In the age of overinformation, sensationalism and countless fake news stories, it comes as no surprise that media trust is at a record low. A recent study across European Union member-states found the phenomenon particularly prevalent in Greece, with 90 percent of respondents expressing suspicion or distrust when it comes to the country’s information ecosystem. Media trust is an integral part of a healthy democracy – and one of the most useful tools in order to regain it is transparency. Today, information, by itself, is not enough – readers need to know who is behind it and how it came about.
In order to respond to the media’s credibility crisis, Kathimerini is the first news organization in Greece to proudly join The Trust Project, a global consortium of news organizations coming together to create standards of transparency in journalism, with the aim of building a trusted and reliable press.
Kathimerini’s new family includes esteemed media outlets such as The New York Times, The Washington Post and The Economist, as well as a number of technology companies that have revolutionized the way information is transmitted – among them Facebook, Google and Twitter. There is a simple philosophy behind The Trust Project’s mission: to drop the curtains and unveil the practices behind journalism.
At the heart of The Trust Project’s initiative lie its “trust indicators,” a detailed evaluation of the quality and credibility of each article, carried out by a global team of top executives in journalism and technology. The indicators evaluate journalistic work using a number of criteria, such as the outlet’s best practices, the author’s expertise, the sourcing behind each claim and the often overlooked distinction between information, analysis and opinion.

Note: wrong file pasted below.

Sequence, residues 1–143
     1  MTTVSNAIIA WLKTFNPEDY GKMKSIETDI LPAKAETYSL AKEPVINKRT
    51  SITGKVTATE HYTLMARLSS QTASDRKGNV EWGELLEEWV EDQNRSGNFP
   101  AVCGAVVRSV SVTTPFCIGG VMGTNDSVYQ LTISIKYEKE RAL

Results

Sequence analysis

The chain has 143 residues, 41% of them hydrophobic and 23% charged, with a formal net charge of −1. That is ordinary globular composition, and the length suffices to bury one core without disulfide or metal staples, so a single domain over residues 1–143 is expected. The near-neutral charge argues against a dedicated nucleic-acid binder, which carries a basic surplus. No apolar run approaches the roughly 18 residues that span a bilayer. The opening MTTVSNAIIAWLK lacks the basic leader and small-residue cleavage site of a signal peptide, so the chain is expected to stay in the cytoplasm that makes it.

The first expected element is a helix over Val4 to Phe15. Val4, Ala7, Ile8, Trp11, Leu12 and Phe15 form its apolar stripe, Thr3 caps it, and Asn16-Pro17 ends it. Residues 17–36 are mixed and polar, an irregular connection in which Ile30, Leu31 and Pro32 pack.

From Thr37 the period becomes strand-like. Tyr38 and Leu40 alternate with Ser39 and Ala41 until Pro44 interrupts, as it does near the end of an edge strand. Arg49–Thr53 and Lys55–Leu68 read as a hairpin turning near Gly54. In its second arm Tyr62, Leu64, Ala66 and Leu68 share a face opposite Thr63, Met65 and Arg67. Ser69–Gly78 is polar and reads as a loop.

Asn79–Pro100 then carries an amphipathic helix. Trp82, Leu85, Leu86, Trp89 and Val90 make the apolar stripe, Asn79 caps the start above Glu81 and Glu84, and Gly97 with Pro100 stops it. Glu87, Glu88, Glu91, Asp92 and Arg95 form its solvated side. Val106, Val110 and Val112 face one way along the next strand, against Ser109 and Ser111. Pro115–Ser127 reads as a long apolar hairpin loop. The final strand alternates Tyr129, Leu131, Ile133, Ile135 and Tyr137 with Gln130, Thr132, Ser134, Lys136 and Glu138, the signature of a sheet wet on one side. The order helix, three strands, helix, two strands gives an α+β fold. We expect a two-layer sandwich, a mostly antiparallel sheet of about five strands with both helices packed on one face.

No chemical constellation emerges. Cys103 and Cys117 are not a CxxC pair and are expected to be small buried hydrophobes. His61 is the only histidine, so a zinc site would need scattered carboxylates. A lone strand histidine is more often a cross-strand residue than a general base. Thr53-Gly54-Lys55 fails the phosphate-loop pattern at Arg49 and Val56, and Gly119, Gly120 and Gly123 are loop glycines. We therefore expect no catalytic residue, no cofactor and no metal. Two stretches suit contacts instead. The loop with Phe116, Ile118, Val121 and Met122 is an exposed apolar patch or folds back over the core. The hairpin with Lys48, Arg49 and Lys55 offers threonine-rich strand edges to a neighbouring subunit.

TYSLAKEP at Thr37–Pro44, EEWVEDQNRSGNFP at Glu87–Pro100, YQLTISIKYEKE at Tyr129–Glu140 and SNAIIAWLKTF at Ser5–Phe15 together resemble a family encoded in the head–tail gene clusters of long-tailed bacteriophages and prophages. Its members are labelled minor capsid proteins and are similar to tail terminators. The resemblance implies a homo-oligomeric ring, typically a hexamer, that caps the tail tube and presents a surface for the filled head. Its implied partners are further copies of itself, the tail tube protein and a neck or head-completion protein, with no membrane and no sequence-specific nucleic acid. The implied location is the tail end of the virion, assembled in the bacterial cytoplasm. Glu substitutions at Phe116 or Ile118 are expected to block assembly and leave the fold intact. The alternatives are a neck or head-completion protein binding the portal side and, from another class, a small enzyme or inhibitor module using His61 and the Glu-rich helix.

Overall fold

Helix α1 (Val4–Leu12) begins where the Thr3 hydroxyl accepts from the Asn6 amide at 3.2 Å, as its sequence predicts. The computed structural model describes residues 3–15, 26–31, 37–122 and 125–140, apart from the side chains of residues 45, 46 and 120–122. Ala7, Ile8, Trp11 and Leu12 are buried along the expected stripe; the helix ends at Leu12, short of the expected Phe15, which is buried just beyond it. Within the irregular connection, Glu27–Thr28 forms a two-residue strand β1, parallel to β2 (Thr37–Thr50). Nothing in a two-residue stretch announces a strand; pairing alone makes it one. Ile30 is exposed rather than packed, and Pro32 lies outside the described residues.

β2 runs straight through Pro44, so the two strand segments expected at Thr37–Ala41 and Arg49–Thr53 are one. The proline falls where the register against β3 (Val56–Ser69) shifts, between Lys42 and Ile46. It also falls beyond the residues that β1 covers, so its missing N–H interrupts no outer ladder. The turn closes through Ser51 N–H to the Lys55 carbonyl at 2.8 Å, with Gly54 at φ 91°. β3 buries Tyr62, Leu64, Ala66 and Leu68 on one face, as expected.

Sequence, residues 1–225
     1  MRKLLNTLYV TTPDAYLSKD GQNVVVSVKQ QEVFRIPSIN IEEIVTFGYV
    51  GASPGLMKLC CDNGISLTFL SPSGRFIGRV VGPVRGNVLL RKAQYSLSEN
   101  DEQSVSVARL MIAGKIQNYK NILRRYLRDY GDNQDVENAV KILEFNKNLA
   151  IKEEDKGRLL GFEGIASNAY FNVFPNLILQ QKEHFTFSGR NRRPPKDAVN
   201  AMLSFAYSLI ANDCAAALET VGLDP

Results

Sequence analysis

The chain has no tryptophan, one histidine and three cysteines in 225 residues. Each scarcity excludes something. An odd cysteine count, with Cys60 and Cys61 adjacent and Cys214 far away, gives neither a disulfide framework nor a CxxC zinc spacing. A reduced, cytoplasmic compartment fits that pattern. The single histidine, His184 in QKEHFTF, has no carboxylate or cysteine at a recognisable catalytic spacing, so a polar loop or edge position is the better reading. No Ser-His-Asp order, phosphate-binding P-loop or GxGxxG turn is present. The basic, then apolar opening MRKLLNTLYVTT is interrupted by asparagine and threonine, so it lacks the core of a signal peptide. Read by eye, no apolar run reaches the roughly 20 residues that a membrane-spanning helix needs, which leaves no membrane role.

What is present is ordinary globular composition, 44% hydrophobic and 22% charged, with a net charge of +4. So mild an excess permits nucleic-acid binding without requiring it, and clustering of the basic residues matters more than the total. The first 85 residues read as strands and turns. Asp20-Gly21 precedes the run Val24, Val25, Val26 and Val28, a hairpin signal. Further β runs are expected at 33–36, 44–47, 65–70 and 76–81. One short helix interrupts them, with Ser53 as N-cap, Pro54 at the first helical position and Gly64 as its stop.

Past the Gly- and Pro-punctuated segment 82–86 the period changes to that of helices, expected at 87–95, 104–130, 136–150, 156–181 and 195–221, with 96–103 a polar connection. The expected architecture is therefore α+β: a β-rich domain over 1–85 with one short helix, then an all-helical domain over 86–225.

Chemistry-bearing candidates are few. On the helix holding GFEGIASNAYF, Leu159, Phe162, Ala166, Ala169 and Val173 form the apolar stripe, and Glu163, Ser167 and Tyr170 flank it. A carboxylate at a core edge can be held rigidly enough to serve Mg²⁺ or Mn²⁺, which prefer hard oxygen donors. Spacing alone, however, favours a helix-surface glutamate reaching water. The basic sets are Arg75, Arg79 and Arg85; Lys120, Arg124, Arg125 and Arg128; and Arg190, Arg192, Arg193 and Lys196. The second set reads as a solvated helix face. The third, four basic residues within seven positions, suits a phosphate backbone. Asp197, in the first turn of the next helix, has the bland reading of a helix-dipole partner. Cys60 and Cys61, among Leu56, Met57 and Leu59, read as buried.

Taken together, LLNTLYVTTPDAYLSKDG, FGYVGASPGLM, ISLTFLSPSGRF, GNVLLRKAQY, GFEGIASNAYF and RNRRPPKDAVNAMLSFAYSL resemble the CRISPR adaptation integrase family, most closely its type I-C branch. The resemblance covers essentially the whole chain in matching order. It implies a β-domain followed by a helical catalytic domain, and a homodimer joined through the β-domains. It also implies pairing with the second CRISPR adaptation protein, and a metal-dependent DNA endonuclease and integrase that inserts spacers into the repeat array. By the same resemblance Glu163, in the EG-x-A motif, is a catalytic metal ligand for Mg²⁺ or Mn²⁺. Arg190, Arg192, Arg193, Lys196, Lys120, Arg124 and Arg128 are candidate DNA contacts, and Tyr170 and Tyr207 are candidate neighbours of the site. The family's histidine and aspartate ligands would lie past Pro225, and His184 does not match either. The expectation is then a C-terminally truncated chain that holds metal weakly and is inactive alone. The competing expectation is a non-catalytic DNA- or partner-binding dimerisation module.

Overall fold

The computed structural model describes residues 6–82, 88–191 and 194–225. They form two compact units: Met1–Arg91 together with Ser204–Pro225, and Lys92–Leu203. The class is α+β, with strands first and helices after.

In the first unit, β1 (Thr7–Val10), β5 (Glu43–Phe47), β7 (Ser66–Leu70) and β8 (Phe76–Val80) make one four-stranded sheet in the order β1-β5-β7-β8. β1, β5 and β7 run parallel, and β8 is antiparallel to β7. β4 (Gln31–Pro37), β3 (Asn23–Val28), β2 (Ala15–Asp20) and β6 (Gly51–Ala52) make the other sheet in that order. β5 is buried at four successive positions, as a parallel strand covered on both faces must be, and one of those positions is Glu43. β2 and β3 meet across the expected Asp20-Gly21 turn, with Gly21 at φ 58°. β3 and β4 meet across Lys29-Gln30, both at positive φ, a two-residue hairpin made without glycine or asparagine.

By joining the Trust Project network, Kathimerini will incorporate the indicators into its websites, and automatically report them to search engines and technology platforms, in the interests of full transparency and the promotion of quality journalism.
“Kathimerini’s participation in The Trust Project, with the integration of its websites kathimerini.gr and ekathimerini.com, and its worldwide recognition as a respected and reliable news source, are just as important as the trust our readers demonstrate every day,” says Alexis Papachelas, executive editor of the newspaper. “It is the result of the hard daily work of our journalists, and their commitment to important and accurate information.”
Inasmuch as the digital revolution has created a number of credibility challenges for journalism, it has also unveiled new horizons for its betterment. It enables quality news organizations to network, to discuss, collaborate and improve their practices, and, above all, to build a new relationship with their readers, based on an unprecedented level of sincerity and extroversion.
Kathimerini proudly finds itself fully aligned with The Trust Project’s vision: The journalist of tomorrow needs to evaluate, but also be evaluated.